Does this month seem cloudier than usual to you…or does it just feel that way?
Tuesday was the 13th day of January 2021 so far with 100% cloud cover between sunrise and sunset:
In other words, half of all of the days this month have had no to extremely filtered sun. There have only been two days so far this month with more sun than clouds during the day. Is this unusual?
The average of the average daily cloud cover for January 2021 so far is 78%. Compare that to 80% for all of January 2020 and 2019…and the 85% average daily cloud cover for all of 2017. This month has been cloudy, but three January’s since 2011 have been cloudier. As a first pass, January 2021 actually hasn’t been that cloudy for January standards; this is because January is often a very cloudy month.
What’s the story with January 2020, 2019, and 2017? January 2020 only had 11 100% cloud cover days, but 90% of all days (28 out of 31) had 50% or more cloud cover:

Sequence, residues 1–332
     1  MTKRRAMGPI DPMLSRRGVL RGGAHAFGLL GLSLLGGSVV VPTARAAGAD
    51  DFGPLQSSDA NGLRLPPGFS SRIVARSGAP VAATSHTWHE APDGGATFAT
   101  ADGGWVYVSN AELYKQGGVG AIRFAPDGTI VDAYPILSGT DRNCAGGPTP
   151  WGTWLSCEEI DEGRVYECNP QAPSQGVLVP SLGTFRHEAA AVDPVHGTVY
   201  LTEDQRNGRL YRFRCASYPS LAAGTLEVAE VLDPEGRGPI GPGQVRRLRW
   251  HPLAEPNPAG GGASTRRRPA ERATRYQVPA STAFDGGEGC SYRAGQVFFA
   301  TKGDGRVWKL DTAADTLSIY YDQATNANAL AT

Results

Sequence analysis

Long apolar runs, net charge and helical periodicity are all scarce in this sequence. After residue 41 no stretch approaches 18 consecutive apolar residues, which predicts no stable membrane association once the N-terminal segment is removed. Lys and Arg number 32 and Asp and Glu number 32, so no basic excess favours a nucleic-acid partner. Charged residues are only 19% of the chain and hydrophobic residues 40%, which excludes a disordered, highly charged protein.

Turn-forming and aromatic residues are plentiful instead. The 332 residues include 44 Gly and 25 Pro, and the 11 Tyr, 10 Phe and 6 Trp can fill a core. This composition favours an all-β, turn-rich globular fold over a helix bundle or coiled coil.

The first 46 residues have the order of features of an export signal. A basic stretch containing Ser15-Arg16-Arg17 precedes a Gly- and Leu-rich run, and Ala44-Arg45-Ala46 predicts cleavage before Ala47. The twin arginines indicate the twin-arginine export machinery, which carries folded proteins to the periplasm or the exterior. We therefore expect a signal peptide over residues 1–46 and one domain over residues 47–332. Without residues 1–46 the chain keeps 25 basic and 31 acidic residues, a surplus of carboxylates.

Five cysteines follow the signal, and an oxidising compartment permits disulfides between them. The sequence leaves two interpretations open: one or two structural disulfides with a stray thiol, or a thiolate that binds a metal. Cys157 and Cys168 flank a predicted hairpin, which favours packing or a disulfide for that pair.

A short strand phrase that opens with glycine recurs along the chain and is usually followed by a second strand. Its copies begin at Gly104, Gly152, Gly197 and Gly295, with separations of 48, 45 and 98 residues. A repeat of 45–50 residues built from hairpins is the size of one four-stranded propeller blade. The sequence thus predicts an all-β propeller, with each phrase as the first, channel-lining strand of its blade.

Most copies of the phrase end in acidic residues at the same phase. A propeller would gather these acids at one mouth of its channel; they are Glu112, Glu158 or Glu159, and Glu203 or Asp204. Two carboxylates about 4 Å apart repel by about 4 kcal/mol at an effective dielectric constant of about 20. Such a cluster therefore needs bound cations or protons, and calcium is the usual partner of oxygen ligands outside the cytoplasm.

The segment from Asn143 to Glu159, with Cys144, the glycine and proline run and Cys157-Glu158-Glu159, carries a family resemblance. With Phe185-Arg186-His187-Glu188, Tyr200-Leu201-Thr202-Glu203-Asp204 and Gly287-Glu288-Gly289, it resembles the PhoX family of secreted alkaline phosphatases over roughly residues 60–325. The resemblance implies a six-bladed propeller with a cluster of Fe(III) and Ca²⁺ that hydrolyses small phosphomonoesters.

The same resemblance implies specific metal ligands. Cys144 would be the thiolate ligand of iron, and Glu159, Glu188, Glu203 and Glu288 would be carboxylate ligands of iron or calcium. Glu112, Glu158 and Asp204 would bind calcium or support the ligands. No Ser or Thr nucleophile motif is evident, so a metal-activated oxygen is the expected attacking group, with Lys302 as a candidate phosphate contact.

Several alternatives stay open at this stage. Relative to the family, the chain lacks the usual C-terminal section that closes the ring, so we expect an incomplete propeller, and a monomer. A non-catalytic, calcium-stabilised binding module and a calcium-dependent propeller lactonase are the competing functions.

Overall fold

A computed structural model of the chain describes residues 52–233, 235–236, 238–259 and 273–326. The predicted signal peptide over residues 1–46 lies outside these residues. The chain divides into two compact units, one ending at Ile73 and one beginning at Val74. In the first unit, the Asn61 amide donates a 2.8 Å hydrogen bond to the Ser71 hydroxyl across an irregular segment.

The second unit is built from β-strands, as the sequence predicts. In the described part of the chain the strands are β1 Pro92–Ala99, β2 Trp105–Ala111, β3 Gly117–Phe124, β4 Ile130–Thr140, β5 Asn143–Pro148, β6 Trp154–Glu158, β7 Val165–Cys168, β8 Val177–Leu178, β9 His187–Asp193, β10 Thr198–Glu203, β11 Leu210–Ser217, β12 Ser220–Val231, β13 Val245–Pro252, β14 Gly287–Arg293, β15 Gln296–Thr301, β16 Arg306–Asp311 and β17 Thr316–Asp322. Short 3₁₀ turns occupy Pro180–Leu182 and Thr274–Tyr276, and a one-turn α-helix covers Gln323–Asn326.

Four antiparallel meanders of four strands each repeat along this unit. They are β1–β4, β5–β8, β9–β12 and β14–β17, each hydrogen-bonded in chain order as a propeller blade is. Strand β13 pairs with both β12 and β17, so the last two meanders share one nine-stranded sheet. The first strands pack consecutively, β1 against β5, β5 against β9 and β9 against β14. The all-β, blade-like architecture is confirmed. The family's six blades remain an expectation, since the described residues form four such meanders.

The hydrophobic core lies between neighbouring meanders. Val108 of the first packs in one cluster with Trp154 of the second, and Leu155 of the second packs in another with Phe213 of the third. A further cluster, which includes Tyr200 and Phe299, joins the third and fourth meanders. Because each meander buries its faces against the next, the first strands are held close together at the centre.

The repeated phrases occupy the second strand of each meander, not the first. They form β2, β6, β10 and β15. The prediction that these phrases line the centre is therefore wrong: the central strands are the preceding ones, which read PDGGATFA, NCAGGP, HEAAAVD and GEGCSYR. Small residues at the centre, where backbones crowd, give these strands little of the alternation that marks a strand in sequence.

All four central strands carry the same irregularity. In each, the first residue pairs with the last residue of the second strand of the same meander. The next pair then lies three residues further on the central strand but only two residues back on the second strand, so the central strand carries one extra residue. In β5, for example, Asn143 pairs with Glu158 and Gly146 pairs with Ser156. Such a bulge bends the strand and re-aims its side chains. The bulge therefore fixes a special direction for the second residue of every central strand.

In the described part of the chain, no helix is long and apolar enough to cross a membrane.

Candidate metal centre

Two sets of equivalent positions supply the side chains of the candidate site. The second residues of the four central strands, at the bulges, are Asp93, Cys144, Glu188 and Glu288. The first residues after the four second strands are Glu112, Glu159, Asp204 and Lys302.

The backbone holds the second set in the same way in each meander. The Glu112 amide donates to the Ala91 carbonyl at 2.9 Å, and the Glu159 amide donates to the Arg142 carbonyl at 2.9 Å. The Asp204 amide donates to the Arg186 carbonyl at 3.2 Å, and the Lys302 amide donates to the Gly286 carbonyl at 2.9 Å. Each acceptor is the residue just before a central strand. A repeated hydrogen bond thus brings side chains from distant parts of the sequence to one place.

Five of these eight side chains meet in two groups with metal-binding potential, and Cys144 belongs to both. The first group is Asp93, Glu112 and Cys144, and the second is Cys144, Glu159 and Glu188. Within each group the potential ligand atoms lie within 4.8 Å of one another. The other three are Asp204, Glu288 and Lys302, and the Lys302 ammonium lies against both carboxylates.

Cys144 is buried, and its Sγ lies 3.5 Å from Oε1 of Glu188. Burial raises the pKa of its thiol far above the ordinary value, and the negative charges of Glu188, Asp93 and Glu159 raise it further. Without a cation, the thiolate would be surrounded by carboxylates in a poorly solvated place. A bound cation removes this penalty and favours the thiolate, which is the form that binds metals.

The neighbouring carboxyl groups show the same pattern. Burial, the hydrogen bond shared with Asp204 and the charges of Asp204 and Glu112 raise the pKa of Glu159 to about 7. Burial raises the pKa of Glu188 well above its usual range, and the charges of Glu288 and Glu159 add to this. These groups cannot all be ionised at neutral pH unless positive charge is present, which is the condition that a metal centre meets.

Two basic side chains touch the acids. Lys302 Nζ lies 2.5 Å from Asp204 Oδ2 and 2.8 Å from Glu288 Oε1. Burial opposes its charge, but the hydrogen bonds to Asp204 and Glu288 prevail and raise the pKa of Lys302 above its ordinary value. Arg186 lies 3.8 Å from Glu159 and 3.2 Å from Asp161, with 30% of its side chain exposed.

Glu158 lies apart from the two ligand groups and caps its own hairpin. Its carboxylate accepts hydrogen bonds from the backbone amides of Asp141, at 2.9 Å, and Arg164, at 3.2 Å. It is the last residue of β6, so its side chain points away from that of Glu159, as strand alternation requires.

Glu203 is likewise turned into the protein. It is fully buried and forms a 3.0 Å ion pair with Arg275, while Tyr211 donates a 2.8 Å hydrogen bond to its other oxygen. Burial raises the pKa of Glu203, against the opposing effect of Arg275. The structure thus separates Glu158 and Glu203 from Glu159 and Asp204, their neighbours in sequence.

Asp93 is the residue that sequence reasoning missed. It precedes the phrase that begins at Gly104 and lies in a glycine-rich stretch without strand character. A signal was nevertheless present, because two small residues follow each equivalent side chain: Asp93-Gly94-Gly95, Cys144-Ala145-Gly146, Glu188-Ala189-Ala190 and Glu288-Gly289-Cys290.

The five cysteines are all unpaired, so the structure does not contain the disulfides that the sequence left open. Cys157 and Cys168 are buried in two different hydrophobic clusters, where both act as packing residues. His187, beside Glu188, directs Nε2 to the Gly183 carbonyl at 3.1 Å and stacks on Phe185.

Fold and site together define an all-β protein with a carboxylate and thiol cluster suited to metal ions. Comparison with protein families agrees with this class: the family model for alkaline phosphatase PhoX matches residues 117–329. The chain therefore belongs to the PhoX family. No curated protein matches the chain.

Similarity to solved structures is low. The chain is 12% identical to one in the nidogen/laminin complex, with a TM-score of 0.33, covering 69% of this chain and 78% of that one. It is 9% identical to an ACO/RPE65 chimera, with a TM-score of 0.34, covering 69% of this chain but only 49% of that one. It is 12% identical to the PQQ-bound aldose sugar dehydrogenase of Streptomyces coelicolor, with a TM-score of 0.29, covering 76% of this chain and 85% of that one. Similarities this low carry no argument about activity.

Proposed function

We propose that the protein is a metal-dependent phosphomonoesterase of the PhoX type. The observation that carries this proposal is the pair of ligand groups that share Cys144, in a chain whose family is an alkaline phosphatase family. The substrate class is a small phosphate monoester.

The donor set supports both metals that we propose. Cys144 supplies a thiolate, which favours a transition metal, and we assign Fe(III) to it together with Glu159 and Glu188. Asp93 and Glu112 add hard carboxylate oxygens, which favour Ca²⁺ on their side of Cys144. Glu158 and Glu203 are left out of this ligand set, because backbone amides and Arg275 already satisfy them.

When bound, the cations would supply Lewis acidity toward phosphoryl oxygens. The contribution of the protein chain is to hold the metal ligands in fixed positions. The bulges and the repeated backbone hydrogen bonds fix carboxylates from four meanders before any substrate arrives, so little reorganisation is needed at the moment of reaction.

January 2020 was quite wet, with 4.14″ of precipitation. January 2019 had 14 completely cloudy days but only 6 days with 50% or less cloud cover:
January 2019 was also an active weather month with 4.11″ of precipitation. January 2017 had less precipitation (3.67″, which is 0.67″ above the monthly average), but it was quite cloudy. 81% of all days in January 2017 had 80% or more cloud cover:
There is a loose relationship between monthly precipitation and cloud cover for the month overall (of course, it’s not that simple). Interestingly, there was less than an inch of snow accumulation in January 2020 and only 4.2″ of snow accumulation (that’s below the monthly average of 6.5″) in January 2017. January 2018 had more snow accumulate (6.2″) but had less cloud cover.
Hang in there; the average daily cloud cover will increase in the next few months. Over the last few years, average cloud cover in February has centered between 70 and 90%:
By May, percentages drop to the 60 to 75% range:
By July, these percentages drop into the 45 to 65% range:
Data confirms brighter days are ahead, but this will be a gradual transition spanning the rest of the winter and spring.